Posted by Eugene Wallingford | Permalink | Categories: General

October 27, 2019 10:23 AM

Making Something That Is Part Of Who You Are

The narrator in Rachel Cusk's "Transit" relates a story told to her by Pavel, the Polish builder who is helping to renovate her flat. Pavel left Poland for London to make money after falling out with his father, a builder for whom he worked. The event that prompted his departure was a reaction to a reaction. Pavel had designed and built a home for his family. After finishing, he showed it to his father. His father didn't like it, and said so. Pavel chose to leave at that moment.

'All my life,' he said, 'he criticise. He criticise my work, my idea, he say he don't like the way I talk -- even he criticise my wife and my children. But when he criticise my house' -- Pavel pursed his lips in a smile -- 'then I think, okay, is enough.'

I generally try to separate myself from the code and prose I write. Such distance is good for the soul, which does not need to be buffeted by criticism, whether external or internal, of the things I've created. It is also good for the work itself, which is free to be changed without being anchored to my identity.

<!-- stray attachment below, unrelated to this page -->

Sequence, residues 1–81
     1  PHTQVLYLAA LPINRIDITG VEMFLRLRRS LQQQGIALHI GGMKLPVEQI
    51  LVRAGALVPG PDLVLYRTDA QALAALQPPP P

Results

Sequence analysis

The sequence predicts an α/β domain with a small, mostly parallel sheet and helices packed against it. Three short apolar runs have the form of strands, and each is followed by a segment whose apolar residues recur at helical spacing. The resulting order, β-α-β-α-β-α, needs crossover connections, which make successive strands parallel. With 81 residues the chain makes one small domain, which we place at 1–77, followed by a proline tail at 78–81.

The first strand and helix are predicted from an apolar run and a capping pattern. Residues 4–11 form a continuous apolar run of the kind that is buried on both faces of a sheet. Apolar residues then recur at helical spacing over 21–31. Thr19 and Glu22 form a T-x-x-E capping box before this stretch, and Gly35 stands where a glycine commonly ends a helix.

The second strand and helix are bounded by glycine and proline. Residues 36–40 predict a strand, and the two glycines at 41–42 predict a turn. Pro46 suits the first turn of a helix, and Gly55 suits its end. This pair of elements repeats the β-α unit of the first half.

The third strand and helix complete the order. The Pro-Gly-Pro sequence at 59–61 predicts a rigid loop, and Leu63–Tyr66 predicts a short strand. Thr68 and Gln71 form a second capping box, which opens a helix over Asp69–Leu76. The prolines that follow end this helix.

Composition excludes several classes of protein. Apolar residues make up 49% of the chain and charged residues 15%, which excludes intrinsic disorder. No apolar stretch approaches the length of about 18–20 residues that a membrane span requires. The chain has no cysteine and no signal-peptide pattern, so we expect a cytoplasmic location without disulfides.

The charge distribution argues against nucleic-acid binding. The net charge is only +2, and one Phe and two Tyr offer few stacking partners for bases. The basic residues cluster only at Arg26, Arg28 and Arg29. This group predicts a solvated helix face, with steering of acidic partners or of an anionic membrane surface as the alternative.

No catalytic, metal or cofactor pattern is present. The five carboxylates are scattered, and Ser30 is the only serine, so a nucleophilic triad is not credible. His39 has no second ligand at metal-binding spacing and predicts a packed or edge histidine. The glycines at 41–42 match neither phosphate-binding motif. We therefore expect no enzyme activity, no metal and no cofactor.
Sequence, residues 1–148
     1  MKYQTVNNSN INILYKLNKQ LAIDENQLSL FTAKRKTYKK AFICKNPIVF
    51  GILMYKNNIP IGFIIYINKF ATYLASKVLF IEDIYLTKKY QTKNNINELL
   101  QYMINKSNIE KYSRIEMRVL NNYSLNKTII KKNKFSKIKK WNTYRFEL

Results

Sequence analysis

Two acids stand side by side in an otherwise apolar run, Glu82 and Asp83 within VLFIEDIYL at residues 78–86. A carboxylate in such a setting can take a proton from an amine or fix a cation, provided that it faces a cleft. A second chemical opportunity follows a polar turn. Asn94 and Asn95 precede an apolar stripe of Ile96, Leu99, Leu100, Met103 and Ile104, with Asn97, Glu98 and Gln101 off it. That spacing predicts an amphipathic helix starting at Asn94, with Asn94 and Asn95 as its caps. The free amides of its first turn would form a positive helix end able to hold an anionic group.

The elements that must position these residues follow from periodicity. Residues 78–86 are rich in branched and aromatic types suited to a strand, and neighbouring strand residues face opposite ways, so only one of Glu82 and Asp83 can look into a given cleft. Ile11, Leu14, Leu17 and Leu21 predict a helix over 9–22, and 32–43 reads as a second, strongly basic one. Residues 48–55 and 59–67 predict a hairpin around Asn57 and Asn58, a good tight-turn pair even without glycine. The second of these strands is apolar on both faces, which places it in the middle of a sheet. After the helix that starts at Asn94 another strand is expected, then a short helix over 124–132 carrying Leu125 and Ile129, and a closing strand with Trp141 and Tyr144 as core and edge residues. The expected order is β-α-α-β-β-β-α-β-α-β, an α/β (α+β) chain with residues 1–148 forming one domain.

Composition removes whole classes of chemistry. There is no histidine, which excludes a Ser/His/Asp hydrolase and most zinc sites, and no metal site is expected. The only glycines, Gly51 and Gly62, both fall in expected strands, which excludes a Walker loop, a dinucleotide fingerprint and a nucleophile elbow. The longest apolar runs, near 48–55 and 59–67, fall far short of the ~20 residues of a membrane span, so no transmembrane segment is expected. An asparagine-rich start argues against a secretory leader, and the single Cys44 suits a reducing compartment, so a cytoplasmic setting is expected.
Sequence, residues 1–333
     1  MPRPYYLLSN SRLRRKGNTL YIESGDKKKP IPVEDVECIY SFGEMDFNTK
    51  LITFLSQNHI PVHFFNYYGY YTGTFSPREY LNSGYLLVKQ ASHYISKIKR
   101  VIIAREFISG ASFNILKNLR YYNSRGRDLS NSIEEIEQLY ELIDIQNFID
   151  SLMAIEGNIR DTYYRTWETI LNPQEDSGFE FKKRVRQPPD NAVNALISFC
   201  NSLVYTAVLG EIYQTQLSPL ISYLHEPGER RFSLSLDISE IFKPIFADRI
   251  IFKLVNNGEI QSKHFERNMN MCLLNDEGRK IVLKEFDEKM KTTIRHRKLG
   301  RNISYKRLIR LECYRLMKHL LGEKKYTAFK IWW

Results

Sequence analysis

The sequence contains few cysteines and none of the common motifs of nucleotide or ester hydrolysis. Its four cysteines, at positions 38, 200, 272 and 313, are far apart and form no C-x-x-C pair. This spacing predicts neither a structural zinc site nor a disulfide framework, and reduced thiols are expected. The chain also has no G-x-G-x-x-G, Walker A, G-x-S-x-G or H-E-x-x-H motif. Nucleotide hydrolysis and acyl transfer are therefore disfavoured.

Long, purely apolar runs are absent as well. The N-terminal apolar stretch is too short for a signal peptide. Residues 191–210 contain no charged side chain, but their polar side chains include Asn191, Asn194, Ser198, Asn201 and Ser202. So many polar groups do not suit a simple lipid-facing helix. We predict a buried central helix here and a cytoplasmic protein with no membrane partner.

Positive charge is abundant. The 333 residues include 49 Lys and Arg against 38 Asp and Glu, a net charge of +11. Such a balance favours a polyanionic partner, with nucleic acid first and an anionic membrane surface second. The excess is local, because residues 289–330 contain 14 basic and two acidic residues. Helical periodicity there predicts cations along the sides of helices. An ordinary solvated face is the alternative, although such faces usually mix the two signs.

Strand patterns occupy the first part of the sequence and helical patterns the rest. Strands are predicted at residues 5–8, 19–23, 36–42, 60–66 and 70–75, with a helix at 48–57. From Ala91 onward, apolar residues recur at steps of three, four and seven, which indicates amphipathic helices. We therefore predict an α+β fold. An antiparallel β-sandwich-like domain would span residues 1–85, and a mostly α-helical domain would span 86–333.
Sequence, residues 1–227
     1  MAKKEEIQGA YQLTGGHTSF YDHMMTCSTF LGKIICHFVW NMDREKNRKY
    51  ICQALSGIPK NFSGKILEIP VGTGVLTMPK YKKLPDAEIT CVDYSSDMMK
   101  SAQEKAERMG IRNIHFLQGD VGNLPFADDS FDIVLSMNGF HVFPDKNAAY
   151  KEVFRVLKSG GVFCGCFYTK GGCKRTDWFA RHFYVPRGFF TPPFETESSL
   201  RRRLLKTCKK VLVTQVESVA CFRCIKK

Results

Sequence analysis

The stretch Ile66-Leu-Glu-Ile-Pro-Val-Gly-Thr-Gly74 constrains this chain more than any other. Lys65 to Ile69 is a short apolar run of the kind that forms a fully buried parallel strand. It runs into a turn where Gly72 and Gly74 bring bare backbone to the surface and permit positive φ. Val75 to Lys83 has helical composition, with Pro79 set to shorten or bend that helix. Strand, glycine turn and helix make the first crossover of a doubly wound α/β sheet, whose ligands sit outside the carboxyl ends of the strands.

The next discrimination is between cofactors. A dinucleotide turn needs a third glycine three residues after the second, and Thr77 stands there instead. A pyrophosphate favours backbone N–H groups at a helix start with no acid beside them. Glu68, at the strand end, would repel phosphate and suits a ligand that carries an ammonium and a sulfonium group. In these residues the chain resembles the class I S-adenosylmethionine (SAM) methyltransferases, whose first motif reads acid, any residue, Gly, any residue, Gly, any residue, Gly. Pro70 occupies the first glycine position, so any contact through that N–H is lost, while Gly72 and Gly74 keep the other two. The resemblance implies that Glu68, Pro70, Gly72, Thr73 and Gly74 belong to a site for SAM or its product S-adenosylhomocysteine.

Fortunately, I came out of home and school with a decent sense that I could be proud of the things I create without conflating the work with who I am. Participating in writers' workshops at PLoP conferences early in my career taught me some new tools for hearing feedback objectively and focusing on the work. Those same tools help me to give feedback better. I use them in an effort to help my students develop as people, writers and programmers independent of the code and prose they write.

Sometimes, though, we make things that are expressions of ourselves. They carry part of us in their words, in what they say to the world and how they say it. Pavel's house is such a creation. He made everything: the floors, the doors, and the roof; even the beds his children slept in. His father had criticized his work, his ideas, his family before. But criticizing the house he had dreamed and built -- that was enough. Cusk doesn't give the reader a sense that this criticism was a last straw; it was, in a very real way, the only straw that mattered.